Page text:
Lets clear the air, shall we? So yesterday I was reading some articles yesterday about strength training. I'm helping one of my friends train for the Chicago Marathon this year and she asked me to put a training plan together for her. Now for me, lifting is an important part of training, and I had to learn this the hard way by getting injured. I did my first marathon in 2011 and I trained on my own. In my mind, runners just need to run and body builders lift. Plus I didn't want to get bulky, I needed to drop weight to get faster, right? Well all of that came to a halt when I ran into knee and IT Band problems. I had to go to the doctor for anti-inflammatories and was told to pull back on running. In the midst of my injury depression one of my friends told me that I could prevent injury by doing certain lifts to strengthen my muscles. She explained to me that, while lifting isn't necessary every day, strength training is important to maintain stability and actually help you run stronger. Two years later and I find myself writing in this training plan, "Eat your meals but take your vitamins." Meaning do your runs as scheduled but make sure you lift 2-3 times a week as a supplement. But what lifting moves are going to be the most beneficial?
Whether you are just a runner or a triathlete the BEST strength move you can do for yourself is the squat. I didn't actually start squatting until about a year ago, yikes.--> The reason why squats are so beneficial is because they will work almost every single muscle group in the lower body, giving you the most bang for your buck in terms of strength training. Since actual triathlon training is so time consuming already, the more benefit you can get from each exercise, the better. Any athlete doesn't want to waste valuable energy on exercises that don't provide for maximum delivery, so targeting one highly effective movement that focuses on a high number of movements all at once, you’ll be far better off because of it.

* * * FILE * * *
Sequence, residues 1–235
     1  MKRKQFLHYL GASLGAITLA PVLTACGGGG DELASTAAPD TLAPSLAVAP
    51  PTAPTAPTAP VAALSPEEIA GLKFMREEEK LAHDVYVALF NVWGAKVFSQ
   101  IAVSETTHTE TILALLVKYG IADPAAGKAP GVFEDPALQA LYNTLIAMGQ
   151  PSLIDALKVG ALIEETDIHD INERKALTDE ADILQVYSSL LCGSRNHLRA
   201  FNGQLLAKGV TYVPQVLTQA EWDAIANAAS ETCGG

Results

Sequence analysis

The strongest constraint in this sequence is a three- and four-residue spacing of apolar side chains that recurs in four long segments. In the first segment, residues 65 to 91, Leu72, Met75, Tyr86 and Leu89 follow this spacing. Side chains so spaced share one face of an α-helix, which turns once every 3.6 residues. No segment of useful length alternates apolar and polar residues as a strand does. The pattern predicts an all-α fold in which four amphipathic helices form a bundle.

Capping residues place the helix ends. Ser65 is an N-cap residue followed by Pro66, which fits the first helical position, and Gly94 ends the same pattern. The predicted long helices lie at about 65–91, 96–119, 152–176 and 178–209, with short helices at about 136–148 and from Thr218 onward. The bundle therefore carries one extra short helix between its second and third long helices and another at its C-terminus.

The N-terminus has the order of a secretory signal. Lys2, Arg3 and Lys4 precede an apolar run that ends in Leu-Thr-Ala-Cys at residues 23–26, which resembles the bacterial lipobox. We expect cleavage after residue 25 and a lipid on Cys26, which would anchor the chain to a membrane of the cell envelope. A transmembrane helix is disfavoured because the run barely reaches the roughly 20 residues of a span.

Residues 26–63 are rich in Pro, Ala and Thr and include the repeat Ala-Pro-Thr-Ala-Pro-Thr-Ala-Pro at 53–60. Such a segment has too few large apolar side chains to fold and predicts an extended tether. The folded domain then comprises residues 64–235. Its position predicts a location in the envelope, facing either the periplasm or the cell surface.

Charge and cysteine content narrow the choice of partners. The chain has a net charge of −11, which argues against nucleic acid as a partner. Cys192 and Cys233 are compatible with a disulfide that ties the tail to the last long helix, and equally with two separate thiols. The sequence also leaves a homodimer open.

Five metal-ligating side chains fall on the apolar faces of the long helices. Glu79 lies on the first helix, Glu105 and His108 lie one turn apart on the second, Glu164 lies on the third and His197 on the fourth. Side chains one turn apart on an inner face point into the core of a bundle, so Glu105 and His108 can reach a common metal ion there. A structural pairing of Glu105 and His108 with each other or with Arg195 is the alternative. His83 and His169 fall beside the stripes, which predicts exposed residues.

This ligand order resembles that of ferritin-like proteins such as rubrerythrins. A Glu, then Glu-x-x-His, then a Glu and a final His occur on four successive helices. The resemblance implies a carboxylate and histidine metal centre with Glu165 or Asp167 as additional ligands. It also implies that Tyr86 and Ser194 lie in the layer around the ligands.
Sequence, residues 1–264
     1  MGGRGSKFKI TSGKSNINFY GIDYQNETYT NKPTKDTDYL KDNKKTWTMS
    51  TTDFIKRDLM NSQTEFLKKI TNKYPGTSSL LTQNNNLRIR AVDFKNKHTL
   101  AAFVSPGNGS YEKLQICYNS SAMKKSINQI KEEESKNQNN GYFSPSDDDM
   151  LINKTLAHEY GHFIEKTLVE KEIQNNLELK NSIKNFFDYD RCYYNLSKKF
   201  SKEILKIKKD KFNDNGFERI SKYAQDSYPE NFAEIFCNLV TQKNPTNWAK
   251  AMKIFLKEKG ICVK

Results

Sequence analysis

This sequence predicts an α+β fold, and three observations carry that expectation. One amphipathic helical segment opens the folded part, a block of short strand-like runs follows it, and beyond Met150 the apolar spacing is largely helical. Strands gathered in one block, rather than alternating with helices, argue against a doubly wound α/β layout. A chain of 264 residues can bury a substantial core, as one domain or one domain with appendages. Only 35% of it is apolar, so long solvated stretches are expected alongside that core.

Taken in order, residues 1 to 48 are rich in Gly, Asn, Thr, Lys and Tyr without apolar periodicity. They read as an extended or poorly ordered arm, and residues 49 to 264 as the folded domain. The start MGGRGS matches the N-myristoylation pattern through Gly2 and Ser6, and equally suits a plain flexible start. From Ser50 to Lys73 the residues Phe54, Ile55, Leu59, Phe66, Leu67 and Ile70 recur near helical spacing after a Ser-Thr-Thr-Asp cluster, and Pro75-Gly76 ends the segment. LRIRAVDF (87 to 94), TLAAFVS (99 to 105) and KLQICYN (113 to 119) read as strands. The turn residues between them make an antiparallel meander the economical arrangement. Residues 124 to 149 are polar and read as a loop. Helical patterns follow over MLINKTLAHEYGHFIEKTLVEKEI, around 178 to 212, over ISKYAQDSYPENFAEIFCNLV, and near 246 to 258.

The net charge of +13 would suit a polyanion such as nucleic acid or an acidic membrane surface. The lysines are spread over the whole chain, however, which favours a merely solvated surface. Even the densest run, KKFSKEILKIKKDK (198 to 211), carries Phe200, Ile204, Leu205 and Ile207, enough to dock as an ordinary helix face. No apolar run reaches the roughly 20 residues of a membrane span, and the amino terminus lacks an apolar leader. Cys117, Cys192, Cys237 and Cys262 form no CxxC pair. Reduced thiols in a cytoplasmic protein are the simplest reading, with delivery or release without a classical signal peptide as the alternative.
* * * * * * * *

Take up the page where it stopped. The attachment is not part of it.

And for my fellow triathletes and/or cyclists: When on the bike: The body needs to be in that powerful aero position where you’re able to generate a lot of power through your hips through the entire range of motion. We don’t just want power through half the pedal stroke but at the top as well when our hips are in that crunched position. A lot of people tend to curve their back and that shuts down the glutes. If you’re pushing with your quads, you’re missing out on your most powerful muscles, the glutes. The squat position is very similar to proper bike position. You want a nice flat back and activate the glutes so you’re able to transfer that power. So when you’re squatting, you’re actually training for more power on the bike.
So how does one start squating? Lightly. Grab two hand weights and simply practice your form. Watch yourself in the mirror (it may seem funny or weird but honestly form is everything with the squat, if you're doing it wrong you're only hurting yourself). Then when you're ready, grab one of the bars (without plates at the end) and practice squating with it behind your head. Once you've got all of that, add a little weight. But I highly recommend either having a spotter or putting a bench down if you're alone. Sit down on the bench but make sure to stand right back up, don't rest!
Finally, it's important to also have balance. For this reason, other leg exercises that focus on your leg strength, like hamstring pulls, leg press & leg lifts are also important. But for now, stop, drop and squat!